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Pinning Hopes on Computer Bulletin Boards : People are starting home businesses by offering services that help hi-tech aficionados reach the information superhighway.

SPECIAL TO THE TIMES

Thousands of Southern Californians have discovered a route to the information superhighway through a spare bedroom in Greg Gooden’s Van Nuys home.

As many as 60 people convene there at once. Some socialize or play games, others use a library, some pick up their mail. Most stay for hours and many linger far past midnight.

Gooden doesn’t actually see these people. Instead that visitor traffic communicates over computers and through his own local computer bulletin board company called The Annex. “You can get almost any kind of information you need straight through your computer,” Gooden said. “It’s like going to the library without leaving the house.”

Nationwide, the big on-line computer systems include Prodigy, CompuServe and America Online; this trio alone has nearly 10 million subscribers. Their customers, via computers, can buy and sell stocks, play games, do library research, book airline tickets and read newspapers.

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But computer enthusiasts also pay to use tiny computer bulletin board systems (BBS) such as Gooden’s. Nationally there are more than 57,000 bulletin board systems operating today, according to Boardwatch Magazine, and many are run out of garages, basements or spare bedrooms. So many new systems are going on-line every month that a reliable count is impossible. “We’re still not exactly sure how many bulletin boards are operating in our area,” said Myla Harris, account executive with Pacific Bell.

For customers, part of the lure of small computer bulletin board systems is price: Many services are cheaper than the major on-line systems. And smaller systems give customers the chance to communicate more with more local computer users.

Despite the boom in small bulletin board firms, however, the industry suffers from profitless prosperity. It’s been estimated that nationally only 5% of the bulletin board systems are profitable, maybe another 15% break even, and the rest lose money.

Dale Porter, 31, quit his job to run a bulletin board firm called KBBS out of his home in Northridge. He started it six years ago with a $2,000 IBM computer, plus $4,200 for software, computer modems and installation of 16 telephone lines.

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Three years ago he was excited enough to quit as a computer programmer with Blue Cross of California to devote all his time to KBBS. More than 8,000 computer users regularly log on to KBBS, Porter says, and while limited access is free to any caller, only his subscribers get full use of his programs. About 25% of those callers eventually subscribe, and they pay an average of $10 per month.

Although he took a substantial pay cut to run his own business, Porter believes that its growth potential will eventually pay off. “Running KBBS isn’t as lucrative as my old job was, but (it’s) growing,” he said. “As with most small businesses it takes a few years to get a decent return on your investment.”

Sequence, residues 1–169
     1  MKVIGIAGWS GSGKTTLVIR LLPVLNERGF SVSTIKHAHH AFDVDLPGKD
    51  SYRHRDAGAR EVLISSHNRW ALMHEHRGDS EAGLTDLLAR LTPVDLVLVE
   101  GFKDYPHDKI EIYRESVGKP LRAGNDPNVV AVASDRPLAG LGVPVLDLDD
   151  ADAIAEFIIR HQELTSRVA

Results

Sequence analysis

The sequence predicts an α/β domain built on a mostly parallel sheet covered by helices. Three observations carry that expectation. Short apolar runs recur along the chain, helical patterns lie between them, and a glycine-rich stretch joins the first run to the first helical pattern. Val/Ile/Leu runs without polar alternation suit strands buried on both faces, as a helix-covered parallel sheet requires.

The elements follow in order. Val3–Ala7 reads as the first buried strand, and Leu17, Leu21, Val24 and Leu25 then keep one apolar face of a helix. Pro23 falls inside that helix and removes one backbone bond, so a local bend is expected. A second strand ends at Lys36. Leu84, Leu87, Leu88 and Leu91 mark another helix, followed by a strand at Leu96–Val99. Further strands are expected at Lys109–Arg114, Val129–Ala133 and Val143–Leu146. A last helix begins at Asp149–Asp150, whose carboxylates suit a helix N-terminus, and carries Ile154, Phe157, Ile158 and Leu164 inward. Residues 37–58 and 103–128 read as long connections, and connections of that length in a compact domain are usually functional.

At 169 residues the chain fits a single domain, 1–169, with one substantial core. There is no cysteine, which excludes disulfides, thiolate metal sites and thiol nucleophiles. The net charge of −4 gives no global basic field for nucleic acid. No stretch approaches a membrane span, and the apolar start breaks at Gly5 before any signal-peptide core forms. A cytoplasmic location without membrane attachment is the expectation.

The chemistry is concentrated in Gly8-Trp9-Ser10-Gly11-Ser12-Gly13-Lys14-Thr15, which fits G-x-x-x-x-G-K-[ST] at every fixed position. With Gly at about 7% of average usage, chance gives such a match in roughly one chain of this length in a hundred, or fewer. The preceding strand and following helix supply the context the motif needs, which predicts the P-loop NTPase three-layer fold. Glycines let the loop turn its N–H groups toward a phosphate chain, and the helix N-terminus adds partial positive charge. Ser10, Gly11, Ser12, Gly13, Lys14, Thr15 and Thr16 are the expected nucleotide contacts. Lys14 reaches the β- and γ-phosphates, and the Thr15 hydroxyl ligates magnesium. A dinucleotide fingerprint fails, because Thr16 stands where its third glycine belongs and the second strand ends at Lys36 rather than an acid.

So 24 hours a day, subscribers throughout the San Fernando Valley and surrounding areas simply dial a local telephone number to link up with KBBS, The Annex and other computer bulletin boards.

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KBBS and The Annex provide several channels where users can engage in live trivia games, group conversations or private chats. There are public discussions where users post questions or comments covering topics that range from horticulture to Howard Stern. They can obtain free games, spreadsheet and word processing programs and even buy products from an on-line shopping service. Subscribers can also send electronic mail to others, including to anyone outside the system who has an Internet address.

The Internet is a worldwide computer network that was designed in the 1960s to link computers at government research labs and universities. Today it’s the basic infrastructure of the fledgling information superhighway. Tens of millions have access to the Internet and their ranks are mushrooming.

One of Porter’s customers is Sharon Landers, 32, who has been a KBBS subscriber for two years. She subscribes to several local on-line services, and CompuServe because it has access to a hard-to-find medical database.

But she increasingly spends her computer time on small bulletin boards like KBBS. “One big attraction of a board like KBBS is its social character. I enjoy chatting with other users. Basically it’s an on-line community.” There are also in-person bulletin board meetings “that allow you to get together with people you’ve been interacting with” only on computers. Landers added that she met her current boyfriend while communicating on-line through KBBS. “Big services like CompuServe aren’t chat-oriented,” she said. “And KBBS doesn’t tack on any extra per hour charges like CompuServe does.”

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CompuServe charges users $20 to join the system and then levies a monthly fee of $8.95. The subscription gives users unlimited access to their basic services, such as on-line publications and news files, but it allows only 60 electronic mail messages per month. Additional messages cost extra.

Subscribers of KBBS and The Annex are allowed full use of all system features for a flat rate. Porter’s KBBS has a one-year subscription, which limits users to 90 minutes of on-line time each day, at $9.50 a month. A comparable subscription at Gooden’s The Annex costs $8 per month.